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, you will investigate imaginary and complex numbers. You will represent them graphically and algebraically. You will add and multiply them, and find their absolute values (magnitude). You will create a picture with complex coordinates and use trigonometry to convert them to polar complex coordinates. In the fall, in precalculus, you may be asked to lead the class one day: you will teach your classmates how to graph complex numbers, and then assign your picture as a graphing activity. Your goal is to create an activity with clear directions for them. I. Basic Graphing – Real, Imaginary, and Complex (20pts) 1. In the middle of your page, draw a real number line, labeling integer values from -10 to 10. Also plot ½, -½, π, 2π, and e. 2. Vertically through 0, draw an imaginary number line, labeling i, 2i, 3i, …, 10i, above 0 and - i, -2i, …, -10i below. You should now have a familiar Cartesian coordinate plane, labeled in a somewhat new way. Plot (with a dot) 4i, -i, ½i, and πi. i is defined as the square root of -1. “But wait,” you say! “Negative numbers don’t have square roots!” Well, they do now!!! Square roots of negative numbers are called imaginary. Imaginary numbers were discovered/created in the 1500s to solve equations that previously couldn’t be solved, and have since come to have applications in geometry, chaos theory, and physics. Since − 1 = i, it follows from this definition that − 9 = 9 * − 1 = 3 * i = 3i. 3. Use the definition of i to represent these imaginary numbers: a. − 25 b. − 100 c. −3 d. − 75 4. Use the definition of i to find: a. i2 e. i6 b. i3 f. i7 c. i4 g. i8 d. i5 5. On your plane, plot the point 2+3i, by putting a dot at the point corresponding to 2 on the x (real) axis and 3i on the y (imaginary) axis. Also plot -7 – i, 6 – 8i, and -7.5 + 4i. Check with Mr. Yates that these are graphed correctly. These numbers, combining real and imaginary parts, are called complex numbers, and what you have plotted them on is called the complex plane.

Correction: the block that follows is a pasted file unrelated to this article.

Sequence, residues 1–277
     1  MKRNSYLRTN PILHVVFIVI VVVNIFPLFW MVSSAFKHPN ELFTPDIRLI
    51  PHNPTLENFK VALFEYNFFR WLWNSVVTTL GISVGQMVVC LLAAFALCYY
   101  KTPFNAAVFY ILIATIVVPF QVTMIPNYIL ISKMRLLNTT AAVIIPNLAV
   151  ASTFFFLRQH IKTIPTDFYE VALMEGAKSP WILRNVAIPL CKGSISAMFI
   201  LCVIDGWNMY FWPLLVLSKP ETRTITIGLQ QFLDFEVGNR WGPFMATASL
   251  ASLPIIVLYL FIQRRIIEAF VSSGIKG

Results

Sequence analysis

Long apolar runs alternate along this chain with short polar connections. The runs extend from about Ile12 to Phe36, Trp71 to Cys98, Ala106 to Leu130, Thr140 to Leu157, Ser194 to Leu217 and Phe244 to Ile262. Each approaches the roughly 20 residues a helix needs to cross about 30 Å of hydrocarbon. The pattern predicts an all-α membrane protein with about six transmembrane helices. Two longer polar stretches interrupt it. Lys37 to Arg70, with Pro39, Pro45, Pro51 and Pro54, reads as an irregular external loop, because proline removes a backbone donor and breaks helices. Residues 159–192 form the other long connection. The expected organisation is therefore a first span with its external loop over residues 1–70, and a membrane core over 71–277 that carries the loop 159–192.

II. Adding Complex Numbers (5pts) When adding complex numbers, add the like terms: (5 + 6i) + (7 – 4i) = 12 + 2i 1. Add (2 + 3i) + (4 + i). 2. Add (-8 + 2i) + (6 – 4i). III. Multiplying Complex Numbers (5pts) When multiplying complex numbers, use the distributive property or FOIL: (5 + 6i) * (7 – 4i) = (5)(7) + (5)(-4i) + (6i)(7) + (6i)(-4i) F O I L = 35 -20i +42i -24i2 = 35 -20i +42i -24(-1) = 35+24 + (-20+42)i = 59 + 22i 1. Multiply (2 + 3i)(4 + i). 2. Multiply (-8 + 2i)(6 – 4i). IV. Absolute Value / Magnitude (10pts) The absolute value of a complex number is its distance from the origin. 1. Pick a complex number with both real and imaginary parts. Write it. Graph it in the complex plane. 2. Drop a line down or up to the real axis and then over to the origin to form a right triangle. Label the lengths of each side. Use the Pythagorean Theorem (show work) to find the hypotenuse. You just found that number’s magnitude! 3. Plot, then draw a right triangle for 6 – 8i. Use the Pythagorean Theorem (show work) to find its magnitude. The concise formula for the magnitude of complex number a + bi is a + bi = a 2 + b 2 . 4. Use this formula to find |-7.5 + 4i|. 5. Use this formula to find |1 + 2i|. V. Integrated Practice (20pts) On a sheet of graph paper, plot the following points (some involve calculation; connect them in order as you go): A) 4 I) 16 + − 81 B) 3+3i J) (4+i) + (1+5i) C) i K) 8+8i D) (1+2i) + (1+2i) L) ½(12+10i) E) -1+4i M) (7+i) + (2+3i) F) (3+2i) + (-1+3i) N) (5-i)(1+i) = (5-1i)(1+1i) G) − 64 O) (4+2i) + (4-i) H) 3(1+2i) = (3+0i)(1+2i) P) 5+3i Q) –4 * i2

VI.

Your Complex Graphing Lesson (40pts) 1. Create your own connect the dots picture involving 15+ points. Show it to Mr. Yates for approval. (5pts) 2. Record in a word document all points’ complex number coordinates. (15pts) 3. Turn this into a worksheet by creating a set of clear directions to go with the points’ coordinates. (5pts) Each point can alternatively be expressed in polar complex coordinates as re iθ , where r is the point’s magnitude and θ is the point’s angle measured in radians. The formula −1 for r is given above in the section on magnitude. The formula for θ is tan b a , adjusted by adding π if we are in the 2nd or 3rd quadrant. 4. Express each complex number in polar. Have Mr. Yates check after the first one (or help you with the first one). (15pts)

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